Subsequently, the Department of Justice issued a notification on April 3, 2017 reminding employers not to discriminate against U.S. workers by engaging in hiring practices that favor H-1B workers. An example of this behavior provided was preferring the use of outsourcing firms. The agency emphasized its commitment to “vigorously prosecuting” any such discriminatory claims.
The USCIS announced on the same day that Fraud Detection and National Security (FDNS) would be more targeted and would focus more heavily on H-1B workers working off-site at another company or organization’s location.
In March of 2018, the USCIS issued an additional guidance which provided clarification of the requirements for H-1B petitions involving third-party worksites. The guidance informed companies that evidence would now be required to prove that the beneficiaries working at third-party locations will be employed in a specialty occupation for the duration of the requested period. It also said that evidence would be required to prove that the petitioner maintains an employer-employee relationship with the beneficiary throughout the requested period as well. These new evidentiary requirements will place arduous responsibilities on those involved in the process. They include:
- Detailed evidence of work assignments;
- Copies of all contractual agreements between all parties;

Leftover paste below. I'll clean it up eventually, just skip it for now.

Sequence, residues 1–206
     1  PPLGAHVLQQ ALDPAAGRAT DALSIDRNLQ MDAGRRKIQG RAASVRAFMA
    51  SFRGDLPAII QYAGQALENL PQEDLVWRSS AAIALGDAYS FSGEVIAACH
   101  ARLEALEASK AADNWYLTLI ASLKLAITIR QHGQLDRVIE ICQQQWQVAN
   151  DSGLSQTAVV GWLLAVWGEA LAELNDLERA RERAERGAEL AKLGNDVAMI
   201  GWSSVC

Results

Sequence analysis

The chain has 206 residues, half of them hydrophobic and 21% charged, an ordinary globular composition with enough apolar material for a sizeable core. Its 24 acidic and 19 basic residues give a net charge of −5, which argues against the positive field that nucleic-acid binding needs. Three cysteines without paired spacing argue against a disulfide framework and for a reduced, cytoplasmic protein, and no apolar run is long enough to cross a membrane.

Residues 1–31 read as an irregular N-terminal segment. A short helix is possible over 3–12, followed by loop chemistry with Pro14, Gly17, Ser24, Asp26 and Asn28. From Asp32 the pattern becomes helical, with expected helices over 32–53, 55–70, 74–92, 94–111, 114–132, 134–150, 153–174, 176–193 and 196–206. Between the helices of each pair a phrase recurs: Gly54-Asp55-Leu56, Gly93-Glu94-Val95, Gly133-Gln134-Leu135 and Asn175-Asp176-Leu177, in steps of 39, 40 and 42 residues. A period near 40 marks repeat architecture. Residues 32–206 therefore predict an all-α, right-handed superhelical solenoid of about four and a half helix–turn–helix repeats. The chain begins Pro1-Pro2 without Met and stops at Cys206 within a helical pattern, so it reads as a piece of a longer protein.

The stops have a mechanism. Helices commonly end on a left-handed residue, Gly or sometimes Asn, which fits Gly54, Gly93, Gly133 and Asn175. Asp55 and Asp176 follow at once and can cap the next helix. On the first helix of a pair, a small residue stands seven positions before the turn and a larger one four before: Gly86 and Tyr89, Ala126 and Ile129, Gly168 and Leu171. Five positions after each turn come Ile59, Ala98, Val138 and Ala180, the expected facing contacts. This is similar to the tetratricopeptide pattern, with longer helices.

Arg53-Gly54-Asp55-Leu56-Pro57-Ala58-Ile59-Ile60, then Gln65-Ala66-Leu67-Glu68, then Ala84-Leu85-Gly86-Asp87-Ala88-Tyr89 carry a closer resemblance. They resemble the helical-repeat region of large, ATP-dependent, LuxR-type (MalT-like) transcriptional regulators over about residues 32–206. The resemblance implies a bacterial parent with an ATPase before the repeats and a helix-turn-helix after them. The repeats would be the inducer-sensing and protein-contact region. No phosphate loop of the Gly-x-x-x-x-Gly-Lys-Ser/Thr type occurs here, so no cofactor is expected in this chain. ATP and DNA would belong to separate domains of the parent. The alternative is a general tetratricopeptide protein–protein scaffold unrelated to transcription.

- Itineraries with specific dates and locations; and
- Copies of detailed statements of work signed by the end-user client.
The USCIS also confirmed along with the guidance that no deference would be given to prior adjudications.
The USCIS has also introduced restrictions on staffing agencies hiring OPT STEM students in April of 2018. International F-1 visa students with U.S. degrees in science, technology, engineering, or mathematics (STEM) seek to participate in the optional practical training (OPT) program which allows them to remain in the U.S. for up to 36 months following the receival of their degree to pursue work experience related to their degree. The most recent restriction requires that for someone to be eligible for OPT STEM training, there must be a bona fide employment relationship and that the training take place on-site at the employer’s place of business, unless it can be proven that the trainee was actively supervised by the employer at a third-party location.